The Museo Nacional is putting together an exhibit that will display for the first time objects from the El Silo archaeological site on the Gulf of Nicoya.
The site is a cemetery of residents from 800 to 1350 A.D., the museum said. Discovery was by chance when the operators of the Finca El Pochote brought in a backhoe to begin construction of a silo to store grain.
That is how the site got its name.
That was in 2004. There still is excavation going on at the site because there is a dwelling area that has not been explored, said the museum.
The main topic of the display, which opens Nov. 9 is the burial customs of what are being called the old Nicoyans The museum said that the show includes 85 objects, mostly ceramics. But there also are stone, obsidian, jadeite and gold objects. These include incense burners, platters, containers, hatchets and metals.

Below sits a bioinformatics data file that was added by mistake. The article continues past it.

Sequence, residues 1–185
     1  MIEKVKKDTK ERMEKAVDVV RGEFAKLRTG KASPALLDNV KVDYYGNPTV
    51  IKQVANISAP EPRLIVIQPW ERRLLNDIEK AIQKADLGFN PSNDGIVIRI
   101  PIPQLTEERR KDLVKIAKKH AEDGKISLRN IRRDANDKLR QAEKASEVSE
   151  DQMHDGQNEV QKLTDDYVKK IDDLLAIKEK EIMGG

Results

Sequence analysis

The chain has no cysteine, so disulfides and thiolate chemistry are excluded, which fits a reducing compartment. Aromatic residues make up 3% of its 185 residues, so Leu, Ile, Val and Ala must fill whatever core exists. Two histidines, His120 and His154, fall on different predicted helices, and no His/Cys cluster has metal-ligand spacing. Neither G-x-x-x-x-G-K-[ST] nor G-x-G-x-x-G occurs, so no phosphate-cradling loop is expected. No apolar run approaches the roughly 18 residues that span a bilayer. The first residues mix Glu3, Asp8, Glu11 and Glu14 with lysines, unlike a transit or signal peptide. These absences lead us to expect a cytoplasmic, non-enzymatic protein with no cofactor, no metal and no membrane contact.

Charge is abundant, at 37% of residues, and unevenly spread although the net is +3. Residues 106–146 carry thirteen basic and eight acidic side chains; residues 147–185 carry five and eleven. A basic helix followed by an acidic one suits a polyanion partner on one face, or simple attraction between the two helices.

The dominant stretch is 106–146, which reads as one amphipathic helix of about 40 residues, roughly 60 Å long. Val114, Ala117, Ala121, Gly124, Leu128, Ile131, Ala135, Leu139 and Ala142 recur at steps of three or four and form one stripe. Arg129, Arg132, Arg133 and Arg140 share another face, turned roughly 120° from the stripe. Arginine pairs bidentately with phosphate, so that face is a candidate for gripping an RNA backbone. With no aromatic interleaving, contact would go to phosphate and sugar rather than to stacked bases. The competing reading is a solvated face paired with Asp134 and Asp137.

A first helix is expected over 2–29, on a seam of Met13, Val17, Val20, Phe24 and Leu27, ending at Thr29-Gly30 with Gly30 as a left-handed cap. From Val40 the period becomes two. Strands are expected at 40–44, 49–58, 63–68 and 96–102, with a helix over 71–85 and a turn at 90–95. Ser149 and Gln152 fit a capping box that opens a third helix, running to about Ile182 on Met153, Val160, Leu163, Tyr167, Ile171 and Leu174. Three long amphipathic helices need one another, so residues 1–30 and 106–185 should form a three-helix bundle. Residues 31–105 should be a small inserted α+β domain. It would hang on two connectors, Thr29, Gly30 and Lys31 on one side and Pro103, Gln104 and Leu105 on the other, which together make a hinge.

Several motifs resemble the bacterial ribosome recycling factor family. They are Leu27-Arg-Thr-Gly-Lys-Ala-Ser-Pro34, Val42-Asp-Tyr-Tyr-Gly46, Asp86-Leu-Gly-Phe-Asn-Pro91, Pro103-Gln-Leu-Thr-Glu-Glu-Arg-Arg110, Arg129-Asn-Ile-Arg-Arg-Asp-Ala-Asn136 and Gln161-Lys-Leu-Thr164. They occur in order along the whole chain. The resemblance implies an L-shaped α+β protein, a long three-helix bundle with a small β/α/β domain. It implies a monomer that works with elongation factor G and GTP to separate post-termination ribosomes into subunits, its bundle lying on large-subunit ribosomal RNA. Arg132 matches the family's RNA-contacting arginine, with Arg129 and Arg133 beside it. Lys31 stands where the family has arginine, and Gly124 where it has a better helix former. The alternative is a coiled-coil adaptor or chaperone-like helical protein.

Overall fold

The museum is constructing a scale replica of the site with reproductions of the bone remains and objects located by excavators. “The montage exemplifies the original circular forms of ten graves and their central ossuary, being this the first time this type of circular design is ever found,” said the museum on its Web site.
“Evidence shows that in some graves several persons were buried together,” it added. “On the other hand, the treatment given to the dead was diverse, possibly related to hierarchy, trade, gender, and other.”
The exhibit will run until April 17. The Web pagecontains a number of images.